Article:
Getting tax help
Lighting 172 candles for Texas today

Baring your finances

The Washington Post has an interesting story on why people go online to share their poor money management skills.

Thanks to the many financial Internet sites and the penchant of users to share everything, says the article, money talk is no longer taboo -- at least not when you use an alternate online ID instead of your real name.

I, too, share some of my personal fiscal decisions and even mistakes. Remember my electronic tax paying problems or when I almost overpaid the electric company $6,900?

But mostly I believe that discretion is the better part of valor. Plus, I have the hubby to think about. It's his money, too -- some of it, anyway! -- so I want to respect his desire for privacy.

I can see, though, how sharing is cathartic and reassuring. Sometimes it's nice to know you're not the only financial dunce out there. The key, however, is knowing when enough is enough.

Confession_avatar_2I've been getting a taste of financial tell-alls via the Money Confessions on Twitter and in some cases, "too much information" immediately comes to mind. Or to borrow a phrase from my mother, sometimes you really shouldn't air your dirty laundry in public.

And in this day of con artists and ID thieves, I'm just a bit leery of putting everything out there on full display.

Debit vs. credit: One section in particular of the Washington Post story caught my eye:

Too many people in their 20s and 30s have become addicted to their debit and credit cards, no longer carrying cash in favor of the convenience of plastic, said Peter Glyman, who co-founded Geezeo about a year ago.

That has made them "detached from their finances," he said. "They're not balancing a checkbook, which in some ways forces people to look more closely at their finances. It creates a problem for the consumer in that they're becoming further removed, but it allowed products like ours to get them closer."

Hey, I'm a tiny bit beyond that demographic, but I also prefer my credit card. I use it for almost everything and pay it off in full each month to avoid interest charges.

But what got my attention here, and in many other stories previously, is the lumping of credit and debit cards as cash alternatives.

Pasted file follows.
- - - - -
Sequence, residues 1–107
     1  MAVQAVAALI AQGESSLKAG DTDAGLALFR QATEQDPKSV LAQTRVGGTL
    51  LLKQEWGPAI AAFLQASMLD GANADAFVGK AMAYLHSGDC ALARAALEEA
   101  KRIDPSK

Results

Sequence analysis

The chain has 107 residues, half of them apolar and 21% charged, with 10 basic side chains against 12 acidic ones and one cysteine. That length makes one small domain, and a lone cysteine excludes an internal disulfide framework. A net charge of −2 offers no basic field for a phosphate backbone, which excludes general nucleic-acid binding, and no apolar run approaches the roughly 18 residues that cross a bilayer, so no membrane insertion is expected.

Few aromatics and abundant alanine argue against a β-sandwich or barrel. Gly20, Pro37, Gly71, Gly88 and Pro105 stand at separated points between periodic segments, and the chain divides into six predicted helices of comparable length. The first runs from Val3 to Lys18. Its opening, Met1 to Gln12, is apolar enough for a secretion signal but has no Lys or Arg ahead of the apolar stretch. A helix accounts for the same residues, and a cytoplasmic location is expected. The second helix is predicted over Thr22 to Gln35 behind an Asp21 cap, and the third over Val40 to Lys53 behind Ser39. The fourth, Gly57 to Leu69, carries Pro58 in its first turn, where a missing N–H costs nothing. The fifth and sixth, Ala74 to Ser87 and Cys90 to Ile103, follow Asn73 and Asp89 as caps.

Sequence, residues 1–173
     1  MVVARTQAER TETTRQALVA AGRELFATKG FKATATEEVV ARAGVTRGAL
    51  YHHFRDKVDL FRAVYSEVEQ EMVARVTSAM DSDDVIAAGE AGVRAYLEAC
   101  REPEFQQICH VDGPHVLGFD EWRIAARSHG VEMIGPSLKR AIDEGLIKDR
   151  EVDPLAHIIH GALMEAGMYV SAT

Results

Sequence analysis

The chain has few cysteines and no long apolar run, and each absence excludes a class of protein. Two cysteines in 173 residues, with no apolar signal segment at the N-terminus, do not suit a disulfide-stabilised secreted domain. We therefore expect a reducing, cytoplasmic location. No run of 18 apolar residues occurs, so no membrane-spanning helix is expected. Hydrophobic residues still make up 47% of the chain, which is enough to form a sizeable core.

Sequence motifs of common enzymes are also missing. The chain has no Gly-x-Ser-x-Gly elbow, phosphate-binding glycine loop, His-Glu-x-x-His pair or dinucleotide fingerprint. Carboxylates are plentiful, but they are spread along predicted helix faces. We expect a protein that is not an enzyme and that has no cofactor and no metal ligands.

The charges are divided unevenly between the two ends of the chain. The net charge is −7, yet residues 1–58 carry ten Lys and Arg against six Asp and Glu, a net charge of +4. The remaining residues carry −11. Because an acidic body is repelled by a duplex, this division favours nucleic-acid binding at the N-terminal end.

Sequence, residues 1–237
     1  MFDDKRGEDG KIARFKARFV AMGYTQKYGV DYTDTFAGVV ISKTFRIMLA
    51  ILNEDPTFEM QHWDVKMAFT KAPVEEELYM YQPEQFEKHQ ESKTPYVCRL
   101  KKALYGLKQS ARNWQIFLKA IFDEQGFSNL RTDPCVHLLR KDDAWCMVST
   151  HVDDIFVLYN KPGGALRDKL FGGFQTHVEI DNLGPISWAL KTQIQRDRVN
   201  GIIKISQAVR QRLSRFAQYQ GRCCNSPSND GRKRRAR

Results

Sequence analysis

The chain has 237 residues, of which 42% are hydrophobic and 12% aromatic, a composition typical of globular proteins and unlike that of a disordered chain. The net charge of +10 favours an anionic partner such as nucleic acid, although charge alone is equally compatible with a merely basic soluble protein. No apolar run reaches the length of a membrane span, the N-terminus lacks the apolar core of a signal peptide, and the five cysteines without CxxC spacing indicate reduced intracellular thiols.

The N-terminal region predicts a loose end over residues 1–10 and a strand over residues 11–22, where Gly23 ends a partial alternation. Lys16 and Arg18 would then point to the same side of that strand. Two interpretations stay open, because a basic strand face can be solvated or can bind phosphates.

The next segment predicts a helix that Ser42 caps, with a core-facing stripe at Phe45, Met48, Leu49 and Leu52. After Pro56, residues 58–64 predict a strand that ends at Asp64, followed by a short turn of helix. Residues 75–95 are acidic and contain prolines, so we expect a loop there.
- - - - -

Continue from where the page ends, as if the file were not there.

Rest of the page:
I can see not wanting to have a wad of bills in your purse or pocket, but debit cards are cash.

Unless something's changed since the last time I swiped my debit card, these transactions come right out of your bank account. So why in heaven's name aren't people balancing their checkbooks? Don't debit overdrafts carry the same high fees as bounced paper checks?

I know another online money management site, Mint (which I've blogged about here and here), even goes as far as to say that with its services, checkbook balancing is not really necessary.

Sorry, maybe I'm a geezing (as opposed to a Geezeo) money control freak, but I don't buy that approach. You can't save, or increase, your money until you know exactly how much, or little, you have.


Feed You can follow this conversation by subscribing to the comment feed for this post.


organising tax savings and paying taxes have become much important these days than earlier before. This is all due to the booming of economy and need for more money for the government.


I don't understand how people can not balance their checkbook. How can you make any financial decisions when you don't know how much you have in your account? Maybe it's because I'm self employed, but I think it's vital to always know what you have so that you can make financial decisions, such as can I go to that conference next month? Can I buy the new laptop I want? Great post...-

Steve Austin

I think there are important distinctions between debit cards and cash. Technically, an overdraft feature on the linked account allows one to spend more than one has. Psychologically, there *is* a difference between a) debiting the balance in an account as seen on the receipt and b) forking over the cold hard green. I've been dubious about this, but once I tried using only cash in lieu of any cards (credit or debit), I found that the psychological cost of using cards outweighed any savings in time (convenience) or rebates.

Author Charles Long says it well: "you don't count plastic money in quite the same way as the real stuff. When you have to pull out the actual cash and count it into the seller's hand, there's a tug of pain at the parting. It matters that the same thing is on sale cheaper around the corner. It matters that you're having to give up something, something real, to buy this whatchamacallit. The plastic money isn't real. It doesn't seem to matter if the whatchamacallits are dearer here. The process is too painless. The casual ease of it puts us to sleep and makes us less discriminating, less careful consumers. The convenience is costly. Paying should be as inconvenient as possible."

The comments to this entry are closed.